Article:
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Paperless Justice: The Future for Minor Offences

James Watkins - Law on the Web

  1. 21 April 2015
  2. Cars and Motoring
  3. 0 comments
Issuing a plea online

When all is said and done, perhaps one of the lasting legacies of this government will be the changes they made to move services online, where they could be more easily accessible and freed from the tyranny of paper.

This is particularly evident in driving law, where we have already seen the demise of the car tax disc. Later this year, the DVLA wil stop issuing paper driving licences. Now, a new service has been launched to make the very wheels of justice grind a bit more quickly and efficiently – the online “Make a Plea” service.

What is the Make a Plea service?

If you have read and understood the words in the name, you are already halfway towards understanding the Make a Plea service. It allows drivers accused of minor road traffic offences to go online and enter a guilty or not guilty plea, sparing them from needing to go to court to enter their plea.

It is being rolled out across the country following a trial in Manchester last year. During the trial, a third of eligible defendants chose to use the service to give their plea.

Obviously, this makes things easier for the defendant – sparing yourself a court date will save you some hassle, and being able to enter a plea from your smartphone or tablet is easier than having to post a response to your Notice of Intended Prosecution (NIP). Also, by using the service, you could have your fine reduced by 33%.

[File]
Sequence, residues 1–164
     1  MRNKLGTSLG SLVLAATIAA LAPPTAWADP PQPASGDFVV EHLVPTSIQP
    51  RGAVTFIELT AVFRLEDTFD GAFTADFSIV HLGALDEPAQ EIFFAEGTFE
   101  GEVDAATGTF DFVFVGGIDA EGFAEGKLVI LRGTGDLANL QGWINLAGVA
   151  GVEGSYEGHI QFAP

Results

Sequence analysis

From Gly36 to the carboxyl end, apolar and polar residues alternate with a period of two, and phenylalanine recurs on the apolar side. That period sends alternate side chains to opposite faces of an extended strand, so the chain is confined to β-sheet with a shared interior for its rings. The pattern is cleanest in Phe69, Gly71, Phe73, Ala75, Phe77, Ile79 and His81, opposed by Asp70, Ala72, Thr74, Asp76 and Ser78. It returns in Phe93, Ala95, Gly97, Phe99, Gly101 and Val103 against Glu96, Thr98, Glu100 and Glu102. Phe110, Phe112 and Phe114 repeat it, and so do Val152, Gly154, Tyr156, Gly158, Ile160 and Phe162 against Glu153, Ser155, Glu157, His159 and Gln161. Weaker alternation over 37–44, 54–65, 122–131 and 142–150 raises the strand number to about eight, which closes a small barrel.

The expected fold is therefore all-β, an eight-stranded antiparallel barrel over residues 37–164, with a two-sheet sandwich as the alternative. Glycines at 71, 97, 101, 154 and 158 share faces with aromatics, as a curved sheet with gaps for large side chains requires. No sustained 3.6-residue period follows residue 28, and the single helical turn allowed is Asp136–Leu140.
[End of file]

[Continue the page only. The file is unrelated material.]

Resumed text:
The service should create boons for the justice system, too. According to Justice Minister Shailesh Vara, the Make a Plea service will result in “less paper around, less use of people, less use of office space, and a whole variety of things that will actually save real money”.

While the scheme is currently only available for driving offences, it may eventually be expanded to be used for other summary offences.

How does it work?

The service can be used for summary (low-level and less serious) driving offences, such as speeding or driving without valid insurance. You will receive a Postal Requisition when you are summonsed to court – this is another name for a Magistrates’ Court summons.

When you receive this, you can log in to the Make a Plea service at using the information about your case and other information on your Postal Requisition. Once you have logged in, you can view any available information and evidence related to your case and enter your plea.

The system is secure and available 24 hours a day, 7 days a week, so you can submit the plea at any time of the day, on any day of the week.

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